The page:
Study: S'poreans think mental illness is sign of personal weakness
IMH study shows that Singaporeans misunderstand mental illnesses, with almost half believing that mental illness is a sign of personal weakness
She struggled with schizophrenia in 2008.
Miss Chan Lishan, 32, was not aware of her mental disorder then - not even when she trespassed into the Orange Valley Nursing Home in Thomson and was arrested.
She went there believing that it was a convent and becoming a nun was the key to her survival.
The former philosophy research scholar at the National University of Singapore told The New Paper: "I believe that if my family, my friends and I had been more aware of schizophrenia, then I would have got early treatment.
"Unless you know of, lived with or worked with someone with mental illness, you wouldn't be able to feel empathy and understand that it is not a weakness but a medical issue."
After pleas from family and friends, she finally agreed to see a psychiatrist who convinced her she had a problem and needed medication.
Miss Chan's story is not unique.
The Institute of Mental Health's (IMH) recent literacy study found that it is a common perception here that those with mental illness can get better "if they want to".
Nine in 10 of the 3,000 people surveyed believed so, with half of them saying it is "a sign of personal weakness".
The researchers said that such stigmas may result in sufferers avoiding getting a diagnosis.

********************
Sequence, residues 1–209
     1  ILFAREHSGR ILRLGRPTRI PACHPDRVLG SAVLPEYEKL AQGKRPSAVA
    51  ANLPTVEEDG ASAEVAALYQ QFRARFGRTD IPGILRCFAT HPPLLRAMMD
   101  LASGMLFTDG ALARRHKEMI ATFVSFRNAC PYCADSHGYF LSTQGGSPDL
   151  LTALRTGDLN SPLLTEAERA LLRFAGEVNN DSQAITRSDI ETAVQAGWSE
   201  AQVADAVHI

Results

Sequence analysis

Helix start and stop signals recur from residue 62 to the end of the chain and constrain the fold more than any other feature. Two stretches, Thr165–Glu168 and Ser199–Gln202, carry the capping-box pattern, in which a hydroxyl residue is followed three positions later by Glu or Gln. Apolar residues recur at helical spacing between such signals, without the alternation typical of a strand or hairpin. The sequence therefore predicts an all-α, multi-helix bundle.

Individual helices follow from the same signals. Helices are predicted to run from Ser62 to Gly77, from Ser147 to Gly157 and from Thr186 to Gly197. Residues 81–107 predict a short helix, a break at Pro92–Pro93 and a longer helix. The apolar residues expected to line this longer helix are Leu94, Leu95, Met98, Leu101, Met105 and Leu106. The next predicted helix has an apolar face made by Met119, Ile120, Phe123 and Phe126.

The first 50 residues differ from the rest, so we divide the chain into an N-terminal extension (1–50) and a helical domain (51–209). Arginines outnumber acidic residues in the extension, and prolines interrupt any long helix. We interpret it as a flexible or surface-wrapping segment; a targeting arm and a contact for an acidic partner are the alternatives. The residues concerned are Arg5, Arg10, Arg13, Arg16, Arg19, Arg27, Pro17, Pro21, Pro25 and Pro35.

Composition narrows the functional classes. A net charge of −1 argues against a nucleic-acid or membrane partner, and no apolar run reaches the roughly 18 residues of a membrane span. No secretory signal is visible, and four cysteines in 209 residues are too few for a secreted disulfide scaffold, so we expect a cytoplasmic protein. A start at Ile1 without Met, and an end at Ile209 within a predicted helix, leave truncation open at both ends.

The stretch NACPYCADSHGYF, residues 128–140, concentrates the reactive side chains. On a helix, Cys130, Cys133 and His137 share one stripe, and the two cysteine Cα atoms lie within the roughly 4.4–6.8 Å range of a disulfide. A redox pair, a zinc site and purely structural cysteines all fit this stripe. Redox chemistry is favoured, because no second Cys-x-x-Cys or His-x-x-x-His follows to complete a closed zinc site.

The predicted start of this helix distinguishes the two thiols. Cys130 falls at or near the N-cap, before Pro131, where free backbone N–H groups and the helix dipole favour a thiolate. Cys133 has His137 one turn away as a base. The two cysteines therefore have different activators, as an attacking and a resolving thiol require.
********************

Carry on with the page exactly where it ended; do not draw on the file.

But problems such as depression, obsessive-compulsive disorder (OCD) and even alcohol abuse often have a biological basis and can be treated medically.
The year-long study, which involved residents aged between 18 and 65, was to find out how much Singaporeans knew about mental illness. Apart from how they viewed the mental disorders, participants were asked if they could identify the five common mental illnesses.
Recognition was the highest for dementia with six in 10 being able to tell the signs of the disease.
Recognition was poorest for schizophrenia - only 11.5 per cent of the participants could tell the signs and symptoms.
Adjunct Assistant Professor Mythily Subramaniam, deputy director of IMH's research division and co-investigator of the study, said the later people with mental illnesses start treatment, the longer they would take to respond to it.
When asked where someone with a mental illness should seek help and what kind of intervention would be most effective, "friends and family" was the most common response for alcohol abuse, depressionand schizophrenia.
Seeking help from a doctor or general practitioner was most common for dementia and OCD.
Professor Chong Siow Ann, vice-chairman on the medical board (research) at IMH, said the study provided a good baseline for looking at mental health in Singapore.
"It helps us to better understand why there is a treatment gap for mental illnesses and how to target campaigns to raise awareness on these issues," he added.
Many do not seek help
More than one in 10 in Singapore will be stricken by mental illness in their lifetime. Yet, a high number of sufferers do not seek help.
Many are likely to face depression, the commonest mental illness here,the Singapore Mental Health Study of 2010 found. Other top mental disorders are alcohol abuse, obsessive-compulsive disorder and schizophrenia.
And as the population ages, at least one in 10 of those aged 60 and above will have dementia, according to the Well-being Of The Singapore Elderly study of 2012.
About 28,000 people in Singapore aged 60 and older had dementia in 2012. This is expected to soar to 80,000 by 2030.
Yet not many seek help for their mental disorder. It was found that among all the people with a mental illness in their lifetime, only two in 10 had consulted a psychiatrist.
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